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December 1, 2009

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Fairground ride was not suitable for use

Eight people were injured after a fairground ride that had been declared safe collapsed at a bonfire display in Suffolk.

Ipswich Crown Court heard that at the Annual Big Night Out event in Long Melford on 2 November 2007 several cars on the Hellraiser ride – a ground-level spinning machine – came loose and crashed into each other.

Firefighters cut free two people who were trapped by the cars, and a 24-year-old woman who suffered broken ribs and damage to her spine , and several others suffered minor injuries.

The HSE seized the ride and sent it to a specialist to investigate the cause of the accident. The inspection found that various parts of the machine were in poor condition, and determined that the accident occurred because the couplings that secured metal bars separating the cars broke, causing a number of the cars to collide.

The HSE issued a Prohibition Notice against the ride on 4 Dec 2007, which required the structure to undergo extensive maintenance before it could be returned to service. HSE inspector Martin Kneebone said: “This incident could have proved fatal. High standards of maintenance and inspection are absolutely essential to ensure the safe operation of any ride.”
Independent fairground examiner Frederick Meakin and his company, Fairground Inspections Services, had inspected the ride on 15 June 2007 and failed to recognise that the deteriorating parts of the ride could pose a risk. Following the inspection, he issued a Declaration of Operational Compliance on the ride, which recognised it as being safe for use.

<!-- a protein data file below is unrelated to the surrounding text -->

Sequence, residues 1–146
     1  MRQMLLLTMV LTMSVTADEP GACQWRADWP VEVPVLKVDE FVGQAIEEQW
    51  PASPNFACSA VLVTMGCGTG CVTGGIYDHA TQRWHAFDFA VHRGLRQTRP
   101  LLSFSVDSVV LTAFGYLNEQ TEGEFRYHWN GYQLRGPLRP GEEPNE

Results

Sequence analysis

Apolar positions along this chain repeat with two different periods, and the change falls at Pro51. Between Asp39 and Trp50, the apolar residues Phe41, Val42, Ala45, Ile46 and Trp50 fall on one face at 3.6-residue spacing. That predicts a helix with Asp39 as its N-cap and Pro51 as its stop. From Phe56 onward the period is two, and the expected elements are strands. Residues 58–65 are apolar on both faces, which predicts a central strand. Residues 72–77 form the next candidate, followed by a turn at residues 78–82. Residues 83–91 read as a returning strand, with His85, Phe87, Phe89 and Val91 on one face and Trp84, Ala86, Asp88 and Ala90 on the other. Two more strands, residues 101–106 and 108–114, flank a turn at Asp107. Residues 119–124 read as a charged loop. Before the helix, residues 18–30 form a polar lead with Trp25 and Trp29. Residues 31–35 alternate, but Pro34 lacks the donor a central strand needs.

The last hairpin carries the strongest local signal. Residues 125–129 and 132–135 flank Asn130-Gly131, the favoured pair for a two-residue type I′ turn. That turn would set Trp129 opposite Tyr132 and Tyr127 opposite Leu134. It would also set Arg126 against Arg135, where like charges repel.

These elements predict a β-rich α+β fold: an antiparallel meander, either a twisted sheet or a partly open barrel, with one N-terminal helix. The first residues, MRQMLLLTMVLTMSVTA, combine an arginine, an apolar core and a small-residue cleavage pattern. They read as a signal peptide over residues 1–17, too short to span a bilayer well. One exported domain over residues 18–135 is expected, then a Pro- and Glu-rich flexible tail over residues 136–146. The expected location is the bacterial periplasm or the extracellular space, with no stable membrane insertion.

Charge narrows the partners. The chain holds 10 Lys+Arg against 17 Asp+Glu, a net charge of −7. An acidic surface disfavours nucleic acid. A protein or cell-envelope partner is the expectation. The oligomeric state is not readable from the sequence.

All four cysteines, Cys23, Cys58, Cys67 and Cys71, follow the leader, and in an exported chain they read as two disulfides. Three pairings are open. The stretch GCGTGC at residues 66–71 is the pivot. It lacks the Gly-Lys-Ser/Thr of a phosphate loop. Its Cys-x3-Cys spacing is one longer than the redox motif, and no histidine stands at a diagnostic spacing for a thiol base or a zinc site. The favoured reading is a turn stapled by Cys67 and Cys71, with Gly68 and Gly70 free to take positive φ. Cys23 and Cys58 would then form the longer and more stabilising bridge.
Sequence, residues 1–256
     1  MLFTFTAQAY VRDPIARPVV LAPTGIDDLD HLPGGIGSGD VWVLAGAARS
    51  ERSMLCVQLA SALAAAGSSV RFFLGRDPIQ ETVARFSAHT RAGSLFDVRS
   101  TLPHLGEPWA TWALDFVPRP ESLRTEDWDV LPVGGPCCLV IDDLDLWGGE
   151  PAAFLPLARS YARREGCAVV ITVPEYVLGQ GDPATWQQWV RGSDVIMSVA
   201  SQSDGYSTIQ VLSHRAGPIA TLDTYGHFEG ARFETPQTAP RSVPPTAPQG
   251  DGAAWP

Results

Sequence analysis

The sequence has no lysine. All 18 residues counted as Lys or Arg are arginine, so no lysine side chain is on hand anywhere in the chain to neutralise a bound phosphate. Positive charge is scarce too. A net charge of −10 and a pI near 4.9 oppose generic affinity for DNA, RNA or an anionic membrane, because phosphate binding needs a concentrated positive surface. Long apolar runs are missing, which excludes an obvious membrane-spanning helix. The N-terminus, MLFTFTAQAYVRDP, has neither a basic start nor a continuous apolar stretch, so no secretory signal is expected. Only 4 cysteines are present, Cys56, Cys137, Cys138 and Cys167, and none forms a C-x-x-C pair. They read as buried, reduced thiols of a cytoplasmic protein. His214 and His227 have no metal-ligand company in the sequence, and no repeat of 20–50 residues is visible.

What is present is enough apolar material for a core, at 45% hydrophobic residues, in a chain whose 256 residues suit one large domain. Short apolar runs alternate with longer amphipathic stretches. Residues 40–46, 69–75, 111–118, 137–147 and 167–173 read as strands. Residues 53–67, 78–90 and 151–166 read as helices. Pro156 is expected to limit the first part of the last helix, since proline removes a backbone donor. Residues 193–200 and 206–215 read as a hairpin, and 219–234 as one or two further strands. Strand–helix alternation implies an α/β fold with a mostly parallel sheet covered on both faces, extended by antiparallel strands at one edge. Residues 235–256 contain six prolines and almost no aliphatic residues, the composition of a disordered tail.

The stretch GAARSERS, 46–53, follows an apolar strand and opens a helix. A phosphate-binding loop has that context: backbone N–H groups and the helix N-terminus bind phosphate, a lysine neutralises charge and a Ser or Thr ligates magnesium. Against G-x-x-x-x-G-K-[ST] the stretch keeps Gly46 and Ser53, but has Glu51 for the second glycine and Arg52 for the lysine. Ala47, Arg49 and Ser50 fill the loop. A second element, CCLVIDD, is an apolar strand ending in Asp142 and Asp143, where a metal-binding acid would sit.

Meakin appeared in court on 30 November and pleaded guilty to breaching s37 of the HSWA 1974. He was fined £2000 and ordered to pay £1000 in costs. Fairground Inspection Services pleaded guilty to a breach of s3(1) of the same Act and was fined £8000 and £1000 in costs.

The ride owner, Walter Shufflebottom, was present at the same hearing and pleaded guilty to breaching s3(2) of the HSWA 1974. He was fined £2000, but no costs were awarded due to his lack of means.

In mitigation, Shufflebottom said he had no previous convictions and had fully complied with the HSE’s investigation. He stressed that Meakin should have identified the defects during his examination of the ride, and he had trusted the findings of the inspection. The ride has subsequently been scrapped, as it would have cost too much to repair.

Meakin mitigated that he had 30 years’ experience and this was an isolated incident. He accepted that he had failed to identify the risks posed by some parts of the ride that were in a poor condition. But he also pointed out that these failings had not been picked up during a previous destruction testing report, which was carried out by another company.

Inspector Kneebone concluded: “The Hellraiser ride was in a very poor state of repair and should not have been operating at the event. The Big Night Out could have so easily ended in tragedy. Some of the key structural components had deteriorated to such an extent that they were no longer safe and had been inappropriately repaired over a significant period of time. Neither the owner of the ride nor the examiner took appropriate action to remedy this problem, which ultimately resulted in the ride collapsing.

“This incident should remind all amusement-ride owners and ride examiners that public safety is of paramount importance.”


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